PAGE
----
Even though prospective home buyers want the benefits of new, more efficient homes, they are unwilling to pay much more for a “green” home, according to a recent member survey from the National Association of Home Builders (NAHB).
“Although we are seeing significant interest in green building, cost effectiveness is clearly a key concern among home buyers,” said NAHB Chairman Joe Robson, a home builder and developer in Tulsa, Okla. “Builders said that among buyers who are willing to pay more for green features, more than half — 57 percent — are unlikely to pay more than an additional two percent.”
The August survey coincides with news that the NAHB National Green Building Program continues to grow. More than 400 homes, developments and remodeling projects have been certified by the NAHB Research Center, which administers the program and trains and accredits local project verifiers. Of those projects, 43 have been certified to the National Green Building Standard, approved earlier this year by the American National Standards Institute.
Preferences for specific green building techniques are decidedly regional, with builders in the West reporting much more interest in water efficiency than builders in other areas. Interest in homes built with recycled materials is particularly high in the Northeast (the region where the fewest new homes are built) and low in the South (the region with the highest number of housing starts).
Only 11 percent of builders nationwide indicated that their customers ask about environmentally friendly features, according to the survey. “Fortunately, our members are increasingly taking the initiative to educate the home-buying public about the benefits of green construction,” Robson said.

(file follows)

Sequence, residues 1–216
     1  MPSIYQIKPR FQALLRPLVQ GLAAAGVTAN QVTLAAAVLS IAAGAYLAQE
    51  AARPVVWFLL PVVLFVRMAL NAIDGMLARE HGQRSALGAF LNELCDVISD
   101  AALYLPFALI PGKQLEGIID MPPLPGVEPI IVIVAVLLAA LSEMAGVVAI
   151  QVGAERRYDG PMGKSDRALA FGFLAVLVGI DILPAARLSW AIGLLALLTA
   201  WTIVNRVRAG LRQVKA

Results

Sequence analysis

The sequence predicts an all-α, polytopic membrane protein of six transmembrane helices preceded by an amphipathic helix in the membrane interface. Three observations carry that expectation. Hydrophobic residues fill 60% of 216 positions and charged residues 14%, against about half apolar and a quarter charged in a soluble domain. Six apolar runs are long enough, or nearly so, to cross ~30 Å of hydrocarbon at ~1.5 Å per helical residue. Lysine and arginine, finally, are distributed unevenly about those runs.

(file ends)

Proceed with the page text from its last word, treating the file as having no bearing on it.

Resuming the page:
Overall, energy efficiency continues to be the primary factor driving the green building movement, squaring with previous NAHB surveys of home builders when asked about buyer preferences. “More and more, our members are able to convince their clients of the benefits of a home built with efficiency and sustainability in mind,” Robson said.
“However, when buyers prepare to sign on the dotted line, cost-effectiveness clearly drives their decisions. We need to make sure that our energy policies reflect that reality so that builders have the flexibility to use lot and site design, high-efficiency heating and cooling equipment and other features to achieve the desired results at the right price,” he continued.
“Whenever Congress considers how to encourage more energy-efficient construction, it must keep affordability in mind – and look for ways to incentivize these changes not only in new homes, but even more importantly in the nation’s much more substantial and inefficient existing housing stock,” Robson said.